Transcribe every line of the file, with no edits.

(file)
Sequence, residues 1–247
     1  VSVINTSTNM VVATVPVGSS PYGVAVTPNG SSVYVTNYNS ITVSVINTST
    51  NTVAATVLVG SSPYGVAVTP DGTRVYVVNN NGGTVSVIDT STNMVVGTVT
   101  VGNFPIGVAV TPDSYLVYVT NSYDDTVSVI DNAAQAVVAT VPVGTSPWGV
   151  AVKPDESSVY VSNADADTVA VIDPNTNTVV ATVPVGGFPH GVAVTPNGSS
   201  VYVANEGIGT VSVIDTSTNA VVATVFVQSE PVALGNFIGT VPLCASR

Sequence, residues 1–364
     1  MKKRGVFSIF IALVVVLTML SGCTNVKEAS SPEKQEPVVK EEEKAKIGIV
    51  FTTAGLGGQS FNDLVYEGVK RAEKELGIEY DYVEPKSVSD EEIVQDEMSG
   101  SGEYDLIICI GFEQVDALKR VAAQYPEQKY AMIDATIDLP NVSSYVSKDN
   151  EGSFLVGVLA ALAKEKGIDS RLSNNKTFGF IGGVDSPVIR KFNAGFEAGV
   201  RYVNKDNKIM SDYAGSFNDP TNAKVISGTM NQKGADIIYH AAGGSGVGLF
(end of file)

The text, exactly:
Sequence, residues 1–247
     1  VSVINTSTNM VVATVPVGSS PYGVAVTPNG SSVYVTNYNS ITVSVINTST
    51  NTVAATVLVG SSPYGVAVTP DGTRVYVVNN NGGTVSVIDT STNMVVGTVT
   101  VGNFPIGVAV TPDSYLVYVT NSYDDTVSVI DNAAQAVVAT VPVGTSPWGV
   151  AVKPDESSVY VSNADADTVA VIDPNTNTVV ATVPVGGFPH GVAVTPNGSS
   201  VYVANEGIGT VSVIDTSTNA VVATVFVQSE PVALGNFIGT VPLCASR

Sequence, residues 1–364
     1  MKKRGVFSIF IALVVVLTML SGCTNVKEAS SPEKQEPVVK EEEKAKIGIV
    51  FTTAGLGGQS FNDLVYEGVK RAEKELGIEY DYVEPKSVSD EEIVQDEMSG
   101  SGEYDLIICI GFEQVDALKR VAAQYPEQKY AMIDATIDLP NVSSYVSKDN
   151  EGSFLVGVLA ALAKEKGIDS RLSNNKTFGF IGGVDSPVIR KFNAGFEAGV
   201  RYVNKDNKIM SDYAGSFNDP TNAKVISGTM NQKGADIIYH AAGGSGVGLF